US GenWeb

Freedom of Information Laws - Federal and State

One of the most basic tools at the disposal of genealogical researchers is the official records that our ancestors left behind when they went about their legal obligations in life. Those records now reside in deed books, will books, probate files, various vital-record ledgers or register books and so on. Those books are now in the custody of various government authorities.

Sometimes the authorities who have custody of our ancestors' records are less than cooperative about allowing us access to these records. But Freedom of Information legislation gives us recourse when this happens.

Federal Government

At the federal level, the relevant legislation is the Freedom of Information Act (FOIA). The "father of the Freedom of Information Act" was US Congressman John E. Moss (1915-1997), a Democrat from California, whose long years of dedication and undaunted endeavor culminated in the Act, which was signed into law by President Lyndon Baines Johnson on 4 July 1966. The provisions of the FOIA entered into force exactly one year later, on 4 July 1967. The Act has since been amended on several occasions, most recently in 2002. You may view the full text of the FOIA as it stands after the 2002 amendments by clicking here. All departments of the US Government are bound by the provisions of this law, and in fact, one of the provisions of the amended Act is that every US Government agency, including the National Archives and Records Administration (NARA), must maintain a Freedom of Information website.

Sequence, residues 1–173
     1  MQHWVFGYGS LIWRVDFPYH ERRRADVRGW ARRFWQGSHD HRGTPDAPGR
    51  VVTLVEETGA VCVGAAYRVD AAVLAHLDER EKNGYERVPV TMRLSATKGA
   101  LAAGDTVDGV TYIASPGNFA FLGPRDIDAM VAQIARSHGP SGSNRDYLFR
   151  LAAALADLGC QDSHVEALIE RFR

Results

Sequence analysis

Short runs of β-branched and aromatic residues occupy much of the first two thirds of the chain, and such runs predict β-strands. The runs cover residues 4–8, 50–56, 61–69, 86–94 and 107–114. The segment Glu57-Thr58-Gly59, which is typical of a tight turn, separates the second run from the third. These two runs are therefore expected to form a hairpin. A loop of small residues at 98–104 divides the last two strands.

The federal FOIA covers officials of the US FEDERAL GOVERNMENT only. State and local officials are not covered by this Act.

New York State Government

At the state level, things vary from one state to another. In the case of New York state, the relevant legislation is the Freedom of Information Law, often called the FOI Law or FOIL. You may view the full text of this law by clicking here.

New York state's FOI Law governs not only officials at STATE level but also officials at COUNTY, CITY, TOWN and VILLAGE level. Some of these local-level officials seem unaware of their obligations in respect of the FOI Law. For advice on how to use the provisions of the NY FOI Law to gain access to records when officials initially fail to cooperate, click here.

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Debby Masterson

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